We Are the World: Super Bowl XXXIX
Why do Americans call their American sport a world championship game?
February 4, 2005
It’s Super Bowl season again and in just a few days, a new world champion will be anointed. At a stadium somewhere in the United States, a new banner will shortly be hung on high — declaring the victorious team to be “World Champions 2005.”
But wait a minute. There are 32 teams in the National Football League (NFL) — and they are all American. And it is the National Football League, not the World Football League.
So how can the winner of a national league be a “world” champion? In order to be best in the world, don’t you actually have to compete against teams from other countries?
Unfortunately this is not a question that often occurs to Americans, many of whom really do think of the United States as the world. You can see it not just in the “world champions” of football and the “World” Series in baseball.
It is present in the declarations of radio and television broadcasters when they give dramatic emphasis by saying that “the whole world” is watching some event, whether it is a vote on some reality TV show — or the outcome of a criminal trial.
This despite the fact that no one outside the area will much care, let alone the average Nigerian, Sri Lankan, Spaniard or Brazilian.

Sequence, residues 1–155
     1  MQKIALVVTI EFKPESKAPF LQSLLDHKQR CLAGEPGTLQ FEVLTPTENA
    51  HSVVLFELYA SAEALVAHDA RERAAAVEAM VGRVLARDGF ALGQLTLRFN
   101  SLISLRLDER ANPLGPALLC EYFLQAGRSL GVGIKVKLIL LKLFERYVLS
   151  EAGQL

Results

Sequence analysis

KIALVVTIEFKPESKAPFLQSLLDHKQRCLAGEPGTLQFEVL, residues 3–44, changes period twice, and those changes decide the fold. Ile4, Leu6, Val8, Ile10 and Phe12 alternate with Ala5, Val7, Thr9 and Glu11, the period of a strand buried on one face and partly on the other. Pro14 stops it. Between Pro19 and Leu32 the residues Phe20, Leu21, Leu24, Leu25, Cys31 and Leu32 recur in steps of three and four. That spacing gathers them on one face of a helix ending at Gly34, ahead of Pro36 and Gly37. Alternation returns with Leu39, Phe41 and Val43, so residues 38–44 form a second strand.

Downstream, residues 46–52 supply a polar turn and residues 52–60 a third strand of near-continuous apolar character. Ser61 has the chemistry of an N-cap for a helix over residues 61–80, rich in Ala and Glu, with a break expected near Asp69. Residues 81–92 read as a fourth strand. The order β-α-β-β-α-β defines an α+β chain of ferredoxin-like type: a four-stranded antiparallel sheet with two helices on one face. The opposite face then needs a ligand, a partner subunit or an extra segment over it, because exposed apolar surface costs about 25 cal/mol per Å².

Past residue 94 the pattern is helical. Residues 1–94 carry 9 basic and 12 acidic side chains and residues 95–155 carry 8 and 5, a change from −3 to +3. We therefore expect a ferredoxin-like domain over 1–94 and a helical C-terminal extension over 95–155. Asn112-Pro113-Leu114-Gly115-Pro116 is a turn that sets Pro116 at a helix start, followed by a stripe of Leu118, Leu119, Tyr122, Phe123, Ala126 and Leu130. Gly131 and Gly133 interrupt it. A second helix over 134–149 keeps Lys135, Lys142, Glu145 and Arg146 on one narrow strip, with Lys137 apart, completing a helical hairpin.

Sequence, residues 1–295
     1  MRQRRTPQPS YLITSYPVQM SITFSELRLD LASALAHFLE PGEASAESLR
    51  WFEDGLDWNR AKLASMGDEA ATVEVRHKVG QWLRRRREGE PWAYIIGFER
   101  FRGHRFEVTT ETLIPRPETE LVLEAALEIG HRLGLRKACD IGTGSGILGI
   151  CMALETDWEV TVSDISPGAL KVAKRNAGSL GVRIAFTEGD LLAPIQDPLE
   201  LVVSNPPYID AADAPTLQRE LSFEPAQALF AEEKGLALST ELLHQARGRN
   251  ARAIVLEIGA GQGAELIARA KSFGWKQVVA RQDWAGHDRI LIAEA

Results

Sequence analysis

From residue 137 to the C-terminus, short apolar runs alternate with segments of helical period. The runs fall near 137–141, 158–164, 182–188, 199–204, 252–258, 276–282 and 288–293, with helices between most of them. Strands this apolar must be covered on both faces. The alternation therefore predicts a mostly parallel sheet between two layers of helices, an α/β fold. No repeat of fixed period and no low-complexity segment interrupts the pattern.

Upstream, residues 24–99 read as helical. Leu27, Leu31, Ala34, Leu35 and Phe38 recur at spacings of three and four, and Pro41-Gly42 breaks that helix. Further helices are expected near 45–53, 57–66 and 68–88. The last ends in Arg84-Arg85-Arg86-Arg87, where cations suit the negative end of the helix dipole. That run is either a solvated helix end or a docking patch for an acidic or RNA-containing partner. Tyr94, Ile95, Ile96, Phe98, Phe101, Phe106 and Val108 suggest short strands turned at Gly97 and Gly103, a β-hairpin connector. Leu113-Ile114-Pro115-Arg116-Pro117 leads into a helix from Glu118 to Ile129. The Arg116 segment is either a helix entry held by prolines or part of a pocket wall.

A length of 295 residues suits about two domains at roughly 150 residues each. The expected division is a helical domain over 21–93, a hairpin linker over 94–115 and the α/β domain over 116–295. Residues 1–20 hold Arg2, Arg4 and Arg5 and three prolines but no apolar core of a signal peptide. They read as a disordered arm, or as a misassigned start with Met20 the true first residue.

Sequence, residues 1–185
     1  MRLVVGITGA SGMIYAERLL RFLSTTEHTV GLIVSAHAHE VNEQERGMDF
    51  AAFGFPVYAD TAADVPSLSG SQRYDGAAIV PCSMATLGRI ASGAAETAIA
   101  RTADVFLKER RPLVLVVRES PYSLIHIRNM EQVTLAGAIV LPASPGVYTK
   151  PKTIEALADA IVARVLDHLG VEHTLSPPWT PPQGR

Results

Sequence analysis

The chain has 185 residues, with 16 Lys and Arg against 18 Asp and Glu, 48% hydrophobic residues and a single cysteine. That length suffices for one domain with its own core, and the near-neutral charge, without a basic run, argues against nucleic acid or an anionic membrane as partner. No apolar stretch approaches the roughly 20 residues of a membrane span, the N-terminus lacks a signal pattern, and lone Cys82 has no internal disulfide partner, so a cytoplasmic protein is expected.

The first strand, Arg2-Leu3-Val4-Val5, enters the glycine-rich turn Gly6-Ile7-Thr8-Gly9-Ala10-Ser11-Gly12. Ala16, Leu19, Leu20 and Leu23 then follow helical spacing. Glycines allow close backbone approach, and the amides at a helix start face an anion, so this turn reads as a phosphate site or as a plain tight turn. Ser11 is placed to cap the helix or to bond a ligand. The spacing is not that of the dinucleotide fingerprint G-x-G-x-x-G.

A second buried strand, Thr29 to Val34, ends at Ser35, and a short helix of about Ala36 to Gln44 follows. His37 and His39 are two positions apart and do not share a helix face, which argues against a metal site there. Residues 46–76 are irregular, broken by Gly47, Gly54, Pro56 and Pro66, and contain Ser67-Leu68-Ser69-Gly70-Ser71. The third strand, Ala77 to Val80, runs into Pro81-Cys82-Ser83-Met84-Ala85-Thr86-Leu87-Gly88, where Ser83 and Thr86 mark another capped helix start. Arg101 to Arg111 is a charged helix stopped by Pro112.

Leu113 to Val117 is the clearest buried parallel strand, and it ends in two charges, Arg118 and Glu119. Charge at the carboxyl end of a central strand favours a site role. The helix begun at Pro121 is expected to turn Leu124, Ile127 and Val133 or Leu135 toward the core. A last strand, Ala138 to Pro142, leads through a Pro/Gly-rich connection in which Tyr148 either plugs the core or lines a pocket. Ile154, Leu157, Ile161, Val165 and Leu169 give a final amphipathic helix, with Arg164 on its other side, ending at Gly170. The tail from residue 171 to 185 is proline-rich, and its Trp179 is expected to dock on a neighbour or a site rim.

Travel to most other countries and you will rarely — if ever — hear the locals claiming world domination for an event unless their national team has actually taken on other national teams in a truly global event and prevailed.
So the World Cup in soccer (known as football almost everywhere else in the world) really does involve national teams from more than 200 countries. The same can be said for the World Cups in rugby and cricket, although the number of participating countries is smaller.
So why do so many Americans subscribe to this “We are the World” philosophy? Part of the problem is physical. This is a huge country.
It isn’t the biggest in the world, because Russia and China are both much bigger, but it is big enough to get lost in — and to take care of almost every conceivable cultural, social, economic and political need of Americans.
Assuming, that is, that they want to avoid anything that might be too unfamiliar, or that might involve not speaking English.
Part of the problem is personal. When you realize that barely one in five Americans own a passport, you also realize that very few Americans have had much personal experience of the rest of the world — except perhaps fleeting visits to Mexico or Canada or during a Caribbean cruise. For all those Americans without a passport, the world really is the United States.
In fact, it is often much less than the whole country, because they have rarely gone more than a few states away from home.
This is why — for Midwesterners, for example — vacations to New York or San Francisco can seem just about as far away as it is possible to travel from home.